MANOVA seems like a good alternative. It allows interaction effects and

has a fairly straightforward interpretation. However I have some

concerns:

-For my interpretation I plan to report the results for each

multivariate main effect and the univariate individual effects

regardless of if the main effect is significant. I realize a common

technique is to only proceed to the individual effects if the main

effect is significant. Is my plan acceptable in an exploratory

analysis?

-The effect of multicollinear dependents on a model is ambiguous. Some

say that correlated dependents are a serious problem

(http://www.matforsk.no/ola/ffmanova.htm), while others present a more

ambiguous case (How the Power of MANOVA Can Both Increase and Decrease

as a Function of the Intercorrelations Among the Dependent Variables.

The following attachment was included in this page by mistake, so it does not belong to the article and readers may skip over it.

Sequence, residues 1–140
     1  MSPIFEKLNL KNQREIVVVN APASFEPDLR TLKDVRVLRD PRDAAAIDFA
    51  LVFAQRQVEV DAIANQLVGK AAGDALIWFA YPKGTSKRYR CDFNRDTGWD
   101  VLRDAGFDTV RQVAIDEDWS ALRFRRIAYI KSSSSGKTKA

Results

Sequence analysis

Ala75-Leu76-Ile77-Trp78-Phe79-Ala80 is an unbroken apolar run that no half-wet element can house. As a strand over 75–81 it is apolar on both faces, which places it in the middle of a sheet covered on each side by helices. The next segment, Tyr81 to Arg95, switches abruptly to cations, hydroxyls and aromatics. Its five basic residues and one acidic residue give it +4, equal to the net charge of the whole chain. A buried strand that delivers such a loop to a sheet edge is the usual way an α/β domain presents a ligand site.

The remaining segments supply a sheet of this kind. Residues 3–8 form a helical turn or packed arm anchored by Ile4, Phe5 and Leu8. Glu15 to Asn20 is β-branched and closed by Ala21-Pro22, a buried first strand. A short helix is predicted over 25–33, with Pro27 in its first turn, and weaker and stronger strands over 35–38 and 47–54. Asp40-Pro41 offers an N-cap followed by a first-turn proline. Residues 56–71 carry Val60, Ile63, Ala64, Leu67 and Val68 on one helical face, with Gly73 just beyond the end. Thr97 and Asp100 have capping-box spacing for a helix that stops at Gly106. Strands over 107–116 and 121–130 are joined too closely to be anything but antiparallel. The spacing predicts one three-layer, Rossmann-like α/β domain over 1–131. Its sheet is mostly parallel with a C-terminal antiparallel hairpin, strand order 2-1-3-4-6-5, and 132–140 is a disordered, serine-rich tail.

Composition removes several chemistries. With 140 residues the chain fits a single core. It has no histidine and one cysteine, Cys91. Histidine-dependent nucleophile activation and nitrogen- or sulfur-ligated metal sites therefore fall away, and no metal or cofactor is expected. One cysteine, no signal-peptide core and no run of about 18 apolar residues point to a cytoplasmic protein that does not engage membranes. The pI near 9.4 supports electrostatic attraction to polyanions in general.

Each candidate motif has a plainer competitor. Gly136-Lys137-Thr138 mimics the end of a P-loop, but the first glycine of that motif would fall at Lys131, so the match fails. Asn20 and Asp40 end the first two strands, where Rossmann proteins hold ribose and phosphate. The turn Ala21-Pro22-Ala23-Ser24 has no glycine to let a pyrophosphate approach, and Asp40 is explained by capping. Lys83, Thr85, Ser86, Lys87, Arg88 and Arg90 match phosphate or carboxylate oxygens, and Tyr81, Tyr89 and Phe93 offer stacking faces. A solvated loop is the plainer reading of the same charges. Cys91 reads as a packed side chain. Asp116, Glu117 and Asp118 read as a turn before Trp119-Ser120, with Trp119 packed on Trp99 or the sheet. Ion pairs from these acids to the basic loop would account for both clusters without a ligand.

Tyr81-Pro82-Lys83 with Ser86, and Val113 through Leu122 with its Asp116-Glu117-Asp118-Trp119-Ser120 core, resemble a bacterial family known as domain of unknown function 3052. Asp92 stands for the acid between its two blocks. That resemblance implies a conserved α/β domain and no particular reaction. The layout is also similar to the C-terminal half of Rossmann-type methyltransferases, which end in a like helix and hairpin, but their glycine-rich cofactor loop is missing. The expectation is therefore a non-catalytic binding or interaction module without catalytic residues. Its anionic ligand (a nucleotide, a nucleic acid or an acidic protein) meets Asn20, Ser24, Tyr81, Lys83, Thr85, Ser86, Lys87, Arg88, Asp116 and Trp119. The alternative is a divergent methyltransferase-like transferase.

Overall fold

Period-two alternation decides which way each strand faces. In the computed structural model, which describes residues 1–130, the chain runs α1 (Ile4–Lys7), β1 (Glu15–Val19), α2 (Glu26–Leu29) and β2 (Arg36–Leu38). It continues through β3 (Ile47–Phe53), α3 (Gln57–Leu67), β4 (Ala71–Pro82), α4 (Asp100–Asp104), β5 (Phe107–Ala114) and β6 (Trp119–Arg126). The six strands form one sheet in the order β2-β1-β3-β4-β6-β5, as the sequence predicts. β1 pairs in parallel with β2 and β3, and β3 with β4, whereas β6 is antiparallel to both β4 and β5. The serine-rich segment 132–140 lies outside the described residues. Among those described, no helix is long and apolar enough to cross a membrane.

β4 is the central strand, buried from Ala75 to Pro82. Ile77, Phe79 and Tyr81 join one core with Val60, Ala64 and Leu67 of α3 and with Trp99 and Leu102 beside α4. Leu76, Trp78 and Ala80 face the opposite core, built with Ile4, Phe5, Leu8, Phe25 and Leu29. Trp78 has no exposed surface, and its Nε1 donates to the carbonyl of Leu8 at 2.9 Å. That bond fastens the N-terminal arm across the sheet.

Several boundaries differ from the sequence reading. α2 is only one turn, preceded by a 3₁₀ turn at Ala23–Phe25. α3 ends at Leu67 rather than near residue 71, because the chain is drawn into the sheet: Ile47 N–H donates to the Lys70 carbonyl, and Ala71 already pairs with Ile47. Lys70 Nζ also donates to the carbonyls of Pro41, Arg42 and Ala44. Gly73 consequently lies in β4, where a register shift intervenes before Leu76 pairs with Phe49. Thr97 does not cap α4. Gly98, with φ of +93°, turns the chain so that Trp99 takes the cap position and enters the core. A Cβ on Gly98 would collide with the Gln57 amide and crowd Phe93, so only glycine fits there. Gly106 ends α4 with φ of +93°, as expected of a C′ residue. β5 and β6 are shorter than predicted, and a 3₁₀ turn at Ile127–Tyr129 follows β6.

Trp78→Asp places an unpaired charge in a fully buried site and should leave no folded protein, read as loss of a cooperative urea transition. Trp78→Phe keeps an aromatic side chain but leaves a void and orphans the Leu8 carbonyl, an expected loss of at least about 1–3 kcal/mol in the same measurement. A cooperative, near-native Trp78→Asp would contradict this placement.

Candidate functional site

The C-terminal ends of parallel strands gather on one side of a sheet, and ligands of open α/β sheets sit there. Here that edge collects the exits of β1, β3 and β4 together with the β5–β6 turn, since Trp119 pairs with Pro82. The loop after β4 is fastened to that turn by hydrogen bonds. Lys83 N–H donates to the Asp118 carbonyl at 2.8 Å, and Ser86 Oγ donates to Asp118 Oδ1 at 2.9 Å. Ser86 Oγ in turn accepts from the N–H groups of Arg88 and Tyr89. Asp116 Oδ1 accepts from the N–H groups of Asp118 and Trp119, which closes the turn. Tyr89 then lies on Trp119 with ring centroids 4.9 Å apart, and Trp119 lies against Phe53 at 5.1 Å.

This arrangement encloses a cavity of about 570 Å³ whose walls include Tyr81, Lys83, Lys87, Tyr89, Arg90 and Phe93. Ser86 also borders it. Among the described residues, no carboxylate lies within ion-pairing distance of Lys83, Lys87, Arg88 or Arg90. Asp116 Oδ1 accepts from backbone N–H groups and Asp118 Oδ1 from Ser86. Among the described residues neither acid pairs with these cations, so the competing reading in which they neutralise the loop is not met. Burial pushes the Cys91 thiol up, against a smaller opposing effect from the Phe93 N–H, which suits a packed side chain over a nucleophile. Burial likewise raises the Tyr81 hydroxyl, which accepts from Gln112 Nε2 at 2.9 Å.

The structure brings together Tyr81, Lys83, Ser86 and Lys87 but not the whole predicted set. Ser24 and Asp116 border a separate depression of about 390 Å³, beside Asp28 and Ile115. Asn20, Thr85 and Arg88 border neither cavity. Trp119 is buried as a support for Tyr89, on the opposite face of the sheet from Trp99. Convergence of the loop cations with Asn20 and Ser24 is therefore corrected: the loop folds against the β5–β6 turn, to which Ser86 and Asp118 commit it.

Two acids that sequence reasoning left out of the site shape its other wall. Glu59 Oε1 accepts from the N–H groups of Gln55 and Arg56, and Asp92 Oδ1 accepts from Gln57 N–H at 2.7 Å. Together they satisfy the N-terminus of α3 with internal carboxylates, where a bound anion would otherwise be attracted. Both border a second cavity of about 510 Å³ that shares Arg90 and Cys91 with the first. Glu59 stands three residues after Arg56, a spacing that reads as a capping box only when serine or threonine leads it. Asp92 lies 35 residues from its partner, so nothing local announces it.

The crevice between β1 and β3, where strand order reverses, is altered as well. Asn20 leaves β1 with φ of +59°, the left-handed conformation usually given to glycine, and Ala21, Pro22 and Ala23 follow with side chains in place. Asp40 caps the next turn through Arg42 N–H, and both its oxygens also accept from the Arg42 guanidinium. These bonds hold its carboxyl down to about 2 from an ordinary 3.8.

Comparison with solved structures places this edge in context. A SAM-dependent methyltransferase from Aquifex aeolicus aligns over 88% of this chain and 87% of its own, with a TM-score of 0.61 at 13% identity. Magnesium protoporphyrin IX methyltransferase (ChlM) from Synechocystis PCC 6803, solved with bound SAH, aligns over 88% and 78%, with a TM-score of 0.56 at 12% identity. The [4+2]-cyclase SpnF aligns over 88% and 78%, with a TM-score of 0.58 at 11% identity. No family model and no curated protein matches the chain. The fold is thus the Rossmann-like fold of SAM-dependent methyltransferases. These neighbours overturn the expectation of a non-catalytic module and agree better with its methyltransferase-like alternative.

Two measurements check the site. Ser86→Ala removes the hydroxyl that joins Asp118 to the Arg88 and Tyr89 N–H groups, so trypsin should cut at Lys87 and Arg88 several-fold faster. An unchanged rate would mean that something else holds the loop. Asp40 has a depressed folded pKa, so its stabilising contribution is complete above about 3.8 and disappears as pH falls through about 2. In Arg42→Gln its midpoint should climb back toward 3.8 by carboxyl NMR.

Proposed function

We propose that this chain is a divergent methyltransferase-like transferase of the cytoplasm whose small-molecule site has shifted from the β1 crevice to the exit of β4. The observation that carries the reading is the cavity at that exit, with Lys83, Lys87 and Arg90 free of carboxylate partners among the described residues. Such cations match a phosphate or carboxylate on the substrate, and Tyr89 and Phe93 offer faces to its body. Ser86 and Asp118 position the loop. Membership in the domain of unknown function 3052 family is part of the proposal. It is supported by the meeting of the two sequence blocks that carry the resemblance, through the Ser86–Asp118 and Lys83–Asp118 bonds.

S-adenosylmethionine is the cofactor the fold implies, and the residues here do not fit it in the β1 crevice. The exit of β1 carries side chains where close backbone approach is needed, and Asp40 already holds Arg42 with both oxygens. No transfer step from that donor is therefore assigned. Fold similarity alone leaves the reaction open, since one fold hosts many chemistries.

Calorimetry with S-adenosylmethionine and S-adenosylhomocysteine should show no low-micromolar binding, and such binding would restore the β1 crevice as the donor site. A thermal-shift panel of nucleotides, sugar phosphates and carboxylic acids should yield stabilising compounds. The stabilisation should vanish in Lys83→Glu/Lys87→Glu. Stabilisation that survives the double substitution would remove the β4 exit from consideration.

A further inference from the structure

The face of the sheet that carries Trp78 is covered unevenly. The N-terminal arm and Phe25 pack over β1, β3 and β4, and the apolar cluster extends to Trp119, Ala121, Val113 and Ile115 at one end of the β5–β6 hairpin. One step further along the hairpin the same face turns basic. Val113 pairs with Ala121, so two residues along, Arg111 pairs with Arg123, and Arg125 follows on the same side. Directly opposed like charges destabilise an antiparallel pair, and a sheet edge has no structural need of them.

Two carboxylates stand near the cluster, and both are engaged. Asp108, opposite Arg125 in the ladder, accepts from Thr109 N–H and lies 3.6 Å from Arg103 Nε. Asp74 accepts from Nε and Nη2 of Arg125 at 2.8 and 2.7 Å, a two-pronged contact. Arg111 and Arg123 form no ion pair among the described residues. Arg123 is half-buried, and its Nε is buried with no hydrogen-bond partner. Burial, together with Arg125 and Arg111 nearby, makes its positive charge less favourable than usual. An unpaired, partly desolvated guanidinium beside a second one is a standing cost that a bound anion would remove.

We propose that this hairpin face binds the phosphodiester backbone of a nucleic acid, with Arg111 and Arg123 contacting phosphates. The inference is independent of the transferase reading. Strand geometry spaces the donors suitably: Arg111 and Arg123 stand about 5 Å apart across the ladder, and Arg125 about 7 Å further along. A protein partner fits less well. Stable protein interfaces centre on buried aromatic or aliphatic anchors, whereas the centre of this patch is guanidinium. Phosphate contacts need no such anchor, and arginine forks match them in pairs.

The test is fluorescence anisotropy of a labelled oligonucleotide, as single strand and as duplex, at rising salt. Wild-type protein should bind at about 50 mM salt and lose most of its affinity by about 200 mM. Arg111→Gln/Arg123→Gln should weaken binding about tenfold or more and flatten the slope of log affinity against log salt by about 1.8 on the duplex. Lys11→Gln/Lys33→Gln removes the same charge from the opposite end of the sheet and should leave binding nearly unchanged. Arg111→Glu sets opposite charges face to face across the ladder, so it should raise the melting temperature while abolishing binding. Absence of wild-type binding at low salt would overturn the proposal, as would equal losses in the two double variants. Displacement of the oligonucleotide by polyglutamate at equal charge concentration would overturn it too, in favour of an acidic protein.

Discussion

Cole, David A.1; Maxwell, Scott E.1; Arvey, Richard2; Salas, Eduardo3,

Psychological Bulletin. Vol 115 (3), May 1994, pp. 465-474). Fooling

around with my model so far, I find that changing the number of

independents and dependents in the model changes my P values some, but

not a ton. How much should I be worrying about this assumption?

Having four interacting binary independents with N=200 causes some

major stratification. I've read that no cell in the analysis should

have an N=20, or alternatively that the minimum N of the lowest cell

should not be outnumbered by the number of dependent variables. I may

lower my number of dependents to fit the latter rule if it is correct.

Is MANOVA a good option for my needs? Would I be better off doing one,

two and three way ANOVAs and the nonparametric equivalents

individually?

Thanks for any comments you can provide.

.d